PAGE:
But it’s even the smaller details. For example, Kylo Ren’s real name is Ben. This is supposed to be a reference to Obi-Wan “Ben” Kenobi, Luke’s somewhat neighbor and Jedi Master. On another level, though, it’s also a reference to fan-favorite Ben Skywalker, Luke’s son in the old Legends books. However, considering the fact Leia never really knew Obi-Wan and Han only knew him for a few days, it’s a bizarre choice in names. It would’ve made more sense for them to name their son Bail, after Leia’s dead adopted father.

Instead of focusing on the organic logic of their own universe, though, the creative teams chose fanservice to try to appease this market they were dying to be loved by—even when that fanservice only did a disservice to their film.

Again, Star Trek isn’t perfect, but their fanservice doesn’t get in the way of the story, whether it’s those smaller details or larger story beats. While it’s confusing and annoying for Michael to be adopted into Spock and Sarek’s family, while they never talked about her in TOS, they are very private characters. Unless the Enterprise encountered a mission that required talking about it, it’s not wildly out of the question that Spock would never mention his sister—and what also helped counteract the weirdness of that retcon was that the additions of Sarek and Spock are some of the strongest parts of the series, adding nuance to these beloved, complex characters and dynamics in what still feels like an organic way.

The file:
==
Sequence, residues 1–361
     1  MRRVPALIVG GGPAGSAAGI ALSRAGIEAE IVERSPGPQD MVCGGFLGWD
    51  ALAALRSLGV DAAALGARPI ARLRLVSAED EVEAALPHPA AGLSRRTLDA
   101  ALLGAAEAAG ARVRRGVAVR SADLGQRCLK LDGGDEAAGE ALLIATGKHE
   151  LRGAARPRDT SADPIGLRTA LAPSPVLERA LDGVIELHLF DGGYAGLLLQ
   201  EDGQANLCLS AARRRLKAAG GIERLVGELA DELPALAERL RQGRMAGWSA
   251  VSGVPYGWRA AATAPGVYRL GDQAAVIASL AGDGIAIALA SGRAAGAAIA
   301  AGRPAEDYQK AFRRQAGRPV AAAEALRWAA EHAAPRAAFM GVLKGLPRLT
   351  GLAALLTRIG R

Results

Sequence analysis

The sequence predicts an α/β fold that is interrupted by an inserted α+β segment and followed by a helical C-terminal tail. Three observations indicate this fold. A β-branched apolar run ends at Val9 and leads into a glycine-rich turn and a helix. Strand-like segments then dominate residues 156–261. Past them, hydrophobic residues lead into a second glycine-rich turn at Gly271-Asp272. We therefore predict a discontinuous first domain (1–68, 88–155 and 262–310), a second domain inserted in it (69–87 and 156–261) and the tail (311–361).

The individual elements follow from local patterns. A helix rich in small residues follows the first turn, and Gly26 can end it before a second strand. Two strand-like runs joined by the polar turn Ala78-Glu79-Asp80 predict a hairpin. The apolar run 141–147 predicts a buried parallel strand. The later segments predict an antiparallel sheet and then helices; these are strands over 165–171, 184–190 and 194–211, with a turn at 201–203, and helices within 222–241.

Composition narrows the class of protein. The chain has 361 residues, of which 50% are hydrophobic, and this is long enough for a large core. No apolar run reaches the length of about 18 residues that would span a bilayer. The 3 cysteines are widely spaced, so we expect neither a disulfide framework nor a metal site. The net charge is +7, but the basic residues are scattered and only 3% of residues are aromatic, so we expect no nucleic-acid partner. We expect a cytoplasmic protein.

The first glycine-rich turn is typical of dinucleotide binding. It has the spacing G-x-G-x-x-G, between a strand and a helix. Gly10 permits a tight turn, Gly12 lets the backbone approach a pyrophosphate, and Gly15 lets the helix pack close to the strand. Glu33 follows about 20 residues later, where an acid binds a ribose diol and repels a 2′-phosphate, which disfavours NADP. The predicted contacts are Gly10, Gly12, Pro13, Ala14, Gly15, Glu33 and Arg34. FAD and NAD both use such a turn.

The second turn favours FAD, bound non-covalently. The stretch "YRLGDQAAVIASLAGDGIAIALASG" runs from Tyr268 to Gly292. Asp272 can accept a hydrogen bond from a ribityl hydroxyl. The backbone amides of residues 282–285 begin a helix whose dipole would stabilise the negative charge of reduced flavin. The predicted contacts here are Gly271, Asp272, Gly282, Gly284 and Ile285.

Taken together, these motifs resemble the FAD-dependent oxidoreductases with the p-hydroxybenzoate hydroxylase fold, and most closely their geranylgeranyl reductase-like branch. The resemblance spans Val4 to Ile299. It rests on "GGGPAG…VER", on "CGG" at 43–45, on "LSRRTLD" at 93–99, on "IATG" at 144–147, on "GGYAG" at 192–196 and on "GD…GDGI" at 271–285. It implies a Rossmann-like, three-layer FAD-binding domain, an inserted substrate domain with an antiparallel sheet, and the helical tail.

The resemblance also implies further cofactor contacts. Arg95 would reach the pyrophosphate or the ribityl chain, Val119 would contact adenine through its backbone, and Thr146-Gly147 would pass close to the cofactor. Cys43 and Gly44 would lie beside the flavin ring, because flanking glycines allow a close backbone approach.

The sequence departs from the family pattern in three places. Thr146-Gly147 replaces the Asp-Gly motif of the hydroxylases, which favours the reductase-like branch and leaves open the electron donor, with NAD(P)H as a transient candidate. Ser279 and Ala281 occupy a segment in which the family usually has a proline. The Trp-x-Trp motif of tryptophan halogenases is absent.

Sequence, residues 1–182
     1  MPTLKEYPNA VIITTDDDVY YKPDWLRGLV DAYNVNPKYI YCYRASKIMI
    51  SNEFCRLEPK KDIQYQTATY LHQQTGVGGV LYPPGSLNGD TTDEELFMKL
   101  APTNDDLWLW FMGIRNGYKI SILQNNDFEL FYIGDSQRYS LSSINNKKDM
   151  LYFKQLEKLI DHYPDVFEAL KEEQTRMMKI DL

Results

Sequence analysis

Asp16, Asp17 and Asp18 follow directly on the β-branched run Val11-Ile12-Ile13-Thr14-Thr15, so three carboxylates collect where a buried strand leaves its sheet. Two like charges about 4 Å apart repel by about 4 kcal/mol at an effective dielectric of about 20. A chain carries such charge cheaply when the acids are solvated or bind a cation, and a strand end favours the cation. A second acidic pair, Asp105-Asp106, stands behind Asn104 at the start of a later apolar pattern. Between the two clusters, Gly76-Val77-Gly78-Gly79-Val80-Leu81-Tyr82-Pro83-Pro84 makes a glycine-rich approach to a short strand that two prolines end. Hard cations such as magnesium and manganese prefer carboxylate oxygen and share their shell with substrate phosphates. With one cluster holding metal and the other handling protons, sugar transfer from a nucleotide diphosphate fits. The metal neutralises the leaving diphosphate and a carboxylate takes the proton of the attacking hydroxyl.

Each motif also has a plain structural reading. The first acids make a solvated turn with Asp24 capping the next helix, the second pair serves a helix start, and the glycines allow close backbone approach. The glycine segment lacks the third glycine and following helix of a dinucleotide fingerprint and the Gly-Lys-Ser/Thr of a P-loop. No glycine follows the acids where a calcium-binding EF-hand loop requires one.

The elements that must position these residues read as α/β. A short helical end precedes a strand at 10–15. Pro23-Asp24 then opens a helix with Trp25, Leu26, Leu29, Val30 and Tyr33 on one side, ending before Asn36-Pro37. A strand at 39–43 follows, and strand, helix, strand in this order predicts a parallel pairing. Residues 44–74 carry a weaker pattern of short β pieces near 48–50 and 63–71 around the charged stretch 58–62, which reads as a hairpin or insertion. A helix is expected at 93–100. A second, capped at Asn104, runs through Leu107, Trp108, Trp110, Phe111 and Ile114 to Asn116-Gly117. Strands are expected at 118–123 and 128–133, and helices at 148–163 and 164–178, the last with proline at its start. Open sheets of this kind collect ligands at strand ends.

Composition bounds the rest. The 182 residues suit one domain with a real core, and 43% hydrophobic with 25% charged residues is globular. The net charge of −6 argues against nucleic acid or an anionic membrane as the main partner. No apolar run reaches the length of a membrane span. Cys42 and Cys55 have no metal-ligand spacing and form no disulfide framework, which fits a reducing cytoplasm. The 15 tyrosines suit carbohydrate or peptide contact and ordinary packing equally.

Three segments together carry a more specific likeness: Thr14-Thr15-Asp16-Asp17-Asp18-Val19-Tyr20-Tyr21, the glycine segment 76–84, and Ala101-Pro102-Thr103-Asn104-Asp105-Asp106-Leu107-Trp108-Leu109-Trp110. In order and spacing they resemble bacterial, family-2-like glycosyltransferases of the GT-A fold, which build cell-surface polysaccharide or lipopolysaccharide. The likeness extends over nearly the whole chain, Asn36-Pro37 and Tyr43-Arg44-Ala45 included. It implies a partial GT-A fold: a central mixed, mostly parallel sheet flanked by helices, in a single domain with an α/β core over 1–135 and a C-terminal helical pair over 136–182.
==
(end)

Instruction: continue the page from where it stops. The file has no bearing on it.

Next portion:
"The End Is The Beginning" -- Episode #103 -- Pictured (l-r): Michelle Hurd as Raffi; Patrick Stewart as Picard of the the CBS All Access series STAR TREK: PICARD. Photo Cr: Trae Patton/CBS ©2019 CBS Interactive, Inc. All Rights Reserved.

(Trae Patton/CBS)

And on the smaller end, they make references to old uniforms, other captains, inconsistent door rules; even Captain Geirgiou has a Chateau Picard wine bottle in her office. These decisions speak to the larger universe without taking away from the story itself.

This does creep into Easter Egg territory, which Star Wars also does. They include quite a few clever add-ins from their extended lore, but some clever Easter Eggs don’t make up for the creative choice Star Wars made that pandered to fanservice instead of making sense.

Something like naming Leia and Han’s son Ben Solo doesn’t feel like a clever Easter Egg for Legends fans. It feels like they picked whatever name was most recognizable and marketable without putting too much thought behind why he would ever be named that in the first place. Discovery’s Tilly, a slightly neurotic engineer, noting door inconsistencies makes sense with her character. Leia naming her son Ben, after a man she never knew (and didn’t even know was nicknamed Ben) doesn’t.

And that level of lazy fanservice doesn’t make any property better; it only makes it worse. It’s only tragic that fans are told to enjoy it, because the creators did it for them, when bad fanservice isn’t very enjoyable at all. It’s the cinematic equivalent of getting flat soda shoved down your throat.